Jessica Dolcourt is a passionate content strategist and veteran leader of CNET coverage. As Senior Director of Content Operations, she leads a number of teams, including Thought Leadership, Speed Desk and How-To. Her CNET career began in 2006, testing desktop and mobile software for Download.com and CNET, including the first iPhone and Android apps and operating systems. She continued to review, report on and write a wide range of commentary and analysis on all things phones, with an emphasis on iPhone and Samsung. Jessica was one of the first people in the world to test, review and report on foldable phones and 5G wireless speeds.
Jessica led CNET's How-To section for tips and FAQs in 2019, guiding coverage of topics ranging from personal finance to phones and home. She holds an MA with Distinction from the University of Warwick (UK).
ExpertiseContent strategy, team leadership, audience engagement, iPhone, Samsung, Android, iOS, tips and FAQs.
iPhone X preorders are open, but you might still wonder if you should go all in for Apple's most audacious iPhone or scout something else.
We haven't had a chance to review the iPhone X, but we do know that it'll compete heavily against the Note 8,
Pixel 2 XL
, all Android phone. If you're on the fence about the iPhone X's high price and Face ID feature to unlock the phone -- or worry you might not get one for longer than you want to wait -- take a few minutes to remind yourself of what makes these top-flight handsets both similar and unique. Scroll to the end for the full specs list.
Watch this: Preordering the iPhone X? Good Luck! You'll need it
iPhone X vs. Galaxy Note 8
The Note 8 stands out for its digital S Pen stylus, which you can use to write, draw and navigate the screen. It's bigger, but also has a larger screen with a sharper resolution -- on paper. We haven't compared screen quality in real life. But this is the first time that any iPhone has used an OLED display, the same screen tech you find in the Note 8. Quality should be pretty good.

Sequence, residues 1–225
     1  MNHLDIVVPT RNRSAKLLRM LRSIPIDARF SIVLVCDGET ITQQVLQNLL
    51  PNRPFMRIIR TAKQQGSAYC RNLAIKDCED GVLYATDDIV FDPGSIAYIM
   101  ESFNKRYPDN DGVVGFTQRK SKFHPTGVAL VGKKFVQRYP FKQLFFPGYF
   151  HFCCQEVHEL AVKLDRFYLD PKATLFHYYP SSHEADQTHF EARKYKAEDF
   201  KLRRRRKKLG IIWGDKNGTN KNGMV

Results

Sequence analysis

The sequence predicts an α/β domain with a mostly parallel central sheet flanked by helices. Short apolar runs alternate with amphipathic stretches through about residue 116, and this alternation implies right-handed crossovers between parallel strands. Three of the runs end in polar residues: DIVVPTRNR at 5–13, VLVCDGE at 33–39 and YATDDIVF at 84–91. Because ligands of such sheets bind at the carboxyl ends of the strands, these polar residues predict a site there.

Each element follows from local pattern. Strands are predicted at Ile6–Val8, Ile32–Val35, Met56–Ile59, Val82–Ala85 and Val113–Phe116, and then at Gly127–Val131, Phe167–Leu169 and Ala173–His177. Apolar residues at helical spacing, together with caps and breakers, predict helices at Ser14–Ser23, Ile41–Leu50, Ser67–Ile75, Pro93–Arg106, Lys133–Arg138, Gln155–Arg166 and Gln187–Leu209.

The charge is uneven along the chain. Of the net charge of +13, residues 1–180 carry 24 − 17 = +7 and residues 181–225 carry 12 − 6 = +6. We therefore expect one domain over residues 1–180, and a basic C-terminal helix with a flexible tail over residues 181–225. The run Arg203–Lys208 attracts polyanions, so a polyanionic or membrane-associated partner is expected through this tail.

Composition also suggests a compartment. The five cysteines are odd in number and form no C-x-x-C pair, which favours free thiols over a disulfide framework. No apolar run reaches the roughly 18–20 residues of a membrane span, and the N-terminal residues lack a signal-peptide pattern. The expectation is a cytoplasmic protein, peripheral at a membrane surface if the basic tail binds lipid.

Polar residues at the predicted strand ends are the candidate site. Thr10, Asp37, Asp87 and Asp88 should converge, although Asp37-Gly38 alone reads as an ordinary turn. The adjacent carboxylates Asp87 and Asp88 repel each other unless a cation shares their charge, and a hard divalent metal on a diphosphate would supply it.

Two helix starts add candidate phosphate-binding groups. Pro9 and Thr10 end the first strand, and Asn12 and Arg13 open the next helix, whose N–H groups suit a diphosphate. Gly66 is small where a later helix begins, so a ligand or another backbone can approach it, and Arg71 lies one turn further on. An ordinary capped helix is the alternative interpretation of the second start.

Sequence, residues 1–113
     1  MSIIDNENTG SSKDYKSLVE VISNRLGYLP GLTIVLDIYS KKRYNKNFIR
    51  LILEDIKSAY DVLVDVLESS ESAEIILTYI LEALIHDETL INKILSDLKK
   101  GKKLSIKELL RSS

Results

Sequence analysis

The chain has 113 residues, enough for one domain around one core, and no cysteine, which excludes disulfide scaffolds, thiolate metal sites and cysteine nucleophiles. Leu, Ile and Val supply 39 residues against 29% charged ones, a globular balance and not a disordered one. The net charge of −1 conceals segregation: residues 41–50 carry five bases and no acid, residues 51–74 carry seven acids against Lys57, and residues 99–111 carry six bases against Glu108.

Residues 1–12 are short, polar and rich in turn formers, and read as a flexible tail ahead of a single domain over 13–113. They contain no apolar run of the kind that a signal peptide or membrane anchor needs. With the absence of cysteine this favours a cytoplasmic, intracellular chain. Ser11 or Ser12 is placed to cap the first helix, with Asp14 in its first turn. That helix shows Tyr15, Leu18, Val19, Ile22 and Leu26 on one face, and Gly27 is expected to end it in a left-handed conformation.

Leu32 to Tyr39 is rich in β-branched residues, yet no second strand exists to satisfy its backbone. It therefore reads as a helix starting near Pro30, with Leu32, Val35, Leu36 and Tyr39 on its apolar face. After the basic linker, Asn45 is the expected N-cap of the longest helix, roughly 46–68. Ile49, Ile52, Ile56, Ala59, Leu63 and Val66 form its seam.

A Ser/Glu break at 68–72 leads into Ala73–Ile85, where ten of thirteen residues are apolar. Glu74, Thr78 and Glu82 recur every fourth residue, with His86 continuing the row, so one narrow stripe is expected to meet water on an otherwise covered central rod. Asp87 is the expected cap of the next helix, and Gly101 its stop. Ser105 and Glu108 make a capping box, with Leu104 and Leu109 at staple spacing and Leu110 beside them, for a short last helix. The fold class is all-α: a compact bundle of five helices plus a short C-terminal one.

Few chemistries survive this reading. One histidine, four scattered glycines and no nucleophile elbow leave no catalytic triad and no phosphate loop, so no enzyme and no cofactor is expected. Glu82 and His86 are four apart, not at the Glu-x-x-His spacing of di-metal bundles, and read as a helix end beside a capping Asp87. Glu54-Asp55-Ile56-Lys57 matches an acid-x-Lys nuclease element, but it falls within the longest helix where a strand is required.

The Note 8's iris-recognition technology is hit or miss, so the iPhone's Face ID has the chance to pull ahead there. However, there is a fingerprint reader on the Note 8's back, albeit in an awkward location. The iPhone X won't have one at all. Both phones use wireless charging, waterproofing and two rear cameras for taking portrait shots.
iPhone X vs. Pixel 2 XL
There are some major differences here.
Camera: The Pixel 2 XL has "only" one camera, not two, but Google doesn't think that matters. We found that the Pixel 2 XL's photos were excellent, though Apple's other new iPhones took slightly better portraits.
Screen: Both use OLED technology, but the Pixel 2 XL has a plastic variation (instead of glass) called POLED. The real significance is that the Pixel 2 XL screen has caused burn-in. This doesn't happen on all phones and might not disrupt you too much, but it isn't what you want. It's happened to two of CNET's phones, too. Google is looking into the issue and will extend its warranty to protect your Pixel 2 XL if you do go that route.
Software: The Pixel 2 XL isn't just an Android phone, it's the Android phone that Google decided is most representative of its new Android 8 Oreo OS. If slow software updates make you iffy on Android, the Pixel 2 XL will be among the first to get them (Apple simultaneously updates all supported iPhones with the latest iOS version.) The two new Pixel phones are also the first to launch with Google Lens, a new feature for getting more info about the world around you. Read about Google Lens here.
iPhone X vs. LG V30
The V30 throws in a ton of sound and video software that goes above and beyond the typical phone. Like the Pixel 2 XL, it uses a POLED display. It's water resistant, but doesn't support wireless charging. The main draw here is that it has some high-end specs and will save you about $200 over the iPhone X.